Are there any particular structures in the brain that help us cope with change and make the right choices in fast moving circumstances? It appears as though there is, if a new study by Stan Floresco at the Brain Research Centre, University of British Columbia, is anything to go by.
The study brings to light brain circuits that help us make our choices in changing circumstances by interacting with one another. The results were presented at the 8th annual Canadian Neuroscience Meeting, May 25-28 2014 in Montreal, Canada.
The studies conducted by Dr. Floresco showed that areas deep inside goad us on to reach for large, but uncertain rewards. Brain regions in the more advanced frontal lobes, however, regulate and temper these urges in circumstances that indicate that the riskier options are not worth taking. “The study shows that the more primitive regions of the brain may be responsible for our urge to go for larger rewards. However, the frontal lobes, which are able to take a longer-term view of any situation, drive back these urges when the larger reward may not be the most profitable in the long term”, explains Dr. Floresco.
In a related study published by Dr. Floresco, dopamine neurons are shown to provide the brain with short-term performance updates of recent decisions, which influences the direction of subsequent decisions. The scientist also authored a paper recently, which underlined the importance of another brain region, called the lateral habenula, in decision making. “When we switched off neural activity within this region, decision-making patterns in animals became random, suggesting that it plays a key role in giving a clear direction to decisions.”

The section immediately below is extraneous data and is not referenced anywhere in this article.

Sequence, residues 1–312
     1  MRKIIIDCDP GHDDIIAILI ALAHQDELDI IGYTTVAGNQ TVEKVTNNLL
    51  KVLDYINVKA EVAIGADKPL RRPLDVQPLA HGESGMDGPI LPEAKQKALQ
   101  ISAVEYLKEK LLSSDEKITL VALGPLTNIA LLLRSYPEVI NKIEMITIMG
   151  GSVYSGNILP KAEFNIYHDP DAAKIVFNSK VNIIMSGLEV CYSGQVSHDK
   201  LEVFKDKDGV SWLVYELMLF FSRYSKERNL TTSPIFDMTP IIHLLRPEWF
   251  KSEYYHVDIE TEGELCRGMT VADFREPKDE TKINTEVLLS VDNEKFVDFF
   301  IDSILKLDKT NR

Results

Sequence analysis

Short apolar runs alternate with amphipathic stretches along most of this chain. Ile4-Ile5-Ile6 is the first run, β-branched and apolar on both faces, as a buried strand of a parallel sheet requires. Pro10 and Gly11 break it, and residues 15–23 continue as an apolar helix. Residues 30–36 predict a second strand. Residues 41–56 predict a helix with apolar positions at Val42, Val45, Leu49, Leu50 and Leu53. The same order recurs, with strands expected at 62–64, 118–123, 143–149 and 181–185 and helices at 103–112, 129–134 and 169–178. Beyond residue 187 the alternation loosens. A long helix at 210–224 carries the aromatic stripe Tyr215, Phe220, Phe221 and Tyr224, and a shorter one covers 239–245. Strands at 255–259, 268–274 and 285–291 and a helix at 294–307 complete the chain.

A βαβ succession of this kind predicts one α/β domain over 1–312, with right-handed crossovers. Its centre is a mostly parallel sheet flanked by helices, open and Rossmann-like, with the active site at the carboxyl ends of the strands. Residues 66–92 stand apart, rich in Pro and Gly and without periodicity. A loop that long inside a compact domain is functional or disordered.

These results show that there is dynamic competition among signals originating from different brain regions. Integrating these signals and making choices appropriate to different circumstances involves an ability to react differently and update behaviour, or, cognitive flexibility.
Understanding these signals and how they are transmitted and act in the normal brain can help explain many neuropsychiatric conditions like schizophrenia in which this signalling is defective.